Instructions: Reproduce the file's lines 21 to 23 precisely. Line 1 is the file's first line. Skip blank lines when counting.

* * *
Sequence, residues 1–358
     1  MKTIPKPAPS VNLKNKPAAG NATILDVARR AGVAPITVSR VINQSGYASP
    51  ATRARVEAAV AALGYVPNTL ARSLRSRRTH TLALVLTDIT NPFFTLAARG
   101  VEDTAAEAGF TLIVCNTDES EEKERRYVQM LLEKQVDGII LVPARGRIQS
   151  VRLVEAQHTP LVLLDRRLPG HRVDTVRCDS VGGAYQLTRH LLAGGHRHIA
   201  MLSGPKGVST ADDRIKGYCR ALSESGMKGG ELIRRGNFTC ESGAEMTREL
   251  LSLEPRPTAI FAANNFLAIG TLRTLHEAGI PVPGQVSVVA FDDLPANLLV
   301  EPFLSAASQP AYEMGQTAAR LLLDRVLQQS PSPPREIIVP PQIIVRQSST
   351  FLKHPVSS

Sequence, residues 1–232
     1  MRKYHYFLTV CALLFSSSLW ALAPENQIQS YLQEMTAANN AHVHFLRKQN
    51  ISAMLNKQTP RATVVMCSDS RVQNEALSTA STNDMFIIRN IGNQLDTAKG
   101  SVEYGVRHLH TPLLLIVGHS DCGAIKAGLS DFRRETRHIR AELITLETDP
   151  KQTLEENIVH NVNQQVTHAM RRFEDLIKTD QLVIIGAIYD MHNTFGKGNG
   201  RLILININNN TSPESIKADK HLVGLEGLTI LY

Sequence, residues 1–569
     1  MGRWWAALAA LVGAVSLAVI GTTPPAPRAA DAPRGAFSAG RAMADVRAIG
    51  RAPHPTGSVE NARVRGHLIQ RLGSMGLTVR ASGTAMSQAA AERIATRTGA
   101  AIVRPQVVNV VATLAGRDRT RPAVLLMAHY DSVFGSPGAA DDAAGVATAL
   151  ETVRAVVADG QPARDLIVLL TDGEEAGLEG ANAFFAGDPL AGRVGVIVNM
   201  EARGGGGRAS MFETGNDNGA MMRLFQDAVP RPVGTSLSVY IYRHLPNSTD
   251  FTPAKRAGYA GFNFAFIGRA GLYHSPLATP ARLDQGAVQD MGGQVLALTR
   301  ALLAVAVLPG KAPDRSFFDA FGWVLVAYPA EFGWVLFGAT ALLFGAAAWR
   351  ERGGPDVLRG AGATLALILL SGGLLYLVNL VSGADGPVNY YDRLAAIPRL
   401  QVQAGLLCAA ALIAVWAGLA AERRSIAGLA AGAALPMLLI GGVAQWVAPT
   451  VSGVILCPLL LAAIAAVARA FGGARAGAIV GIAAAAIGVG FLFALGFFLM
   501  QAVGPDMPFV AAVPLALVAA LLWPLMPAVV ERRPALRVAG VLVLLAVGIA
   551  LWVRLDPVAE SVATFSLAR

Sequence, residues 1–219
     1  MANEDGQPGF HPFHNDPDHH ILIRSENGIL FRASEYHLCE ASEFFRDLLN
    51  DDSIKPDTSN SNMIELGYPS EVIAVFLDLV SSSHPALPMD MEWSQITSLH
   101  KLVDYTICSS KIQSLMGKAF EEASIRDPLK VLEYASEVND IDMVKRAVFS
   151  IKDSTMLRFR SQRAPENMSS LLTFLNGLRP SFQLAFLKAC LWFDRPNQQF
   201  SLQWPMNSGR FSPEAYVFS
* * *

   201  EARGGGGRAS MFETGNDNGA MMRLFQDAVP RPVGTSLSVY IYRHLPNSTD
   251  FTPAKRAGYA GFNFAFIGRA GLYHSPLATP ARLDQGAVQD MGGQVLALTR
   301  ALLAVAVLPG KAPDRSFFDA FGWVLVAYPA EFGWVLFGAT ALLFGAAAWR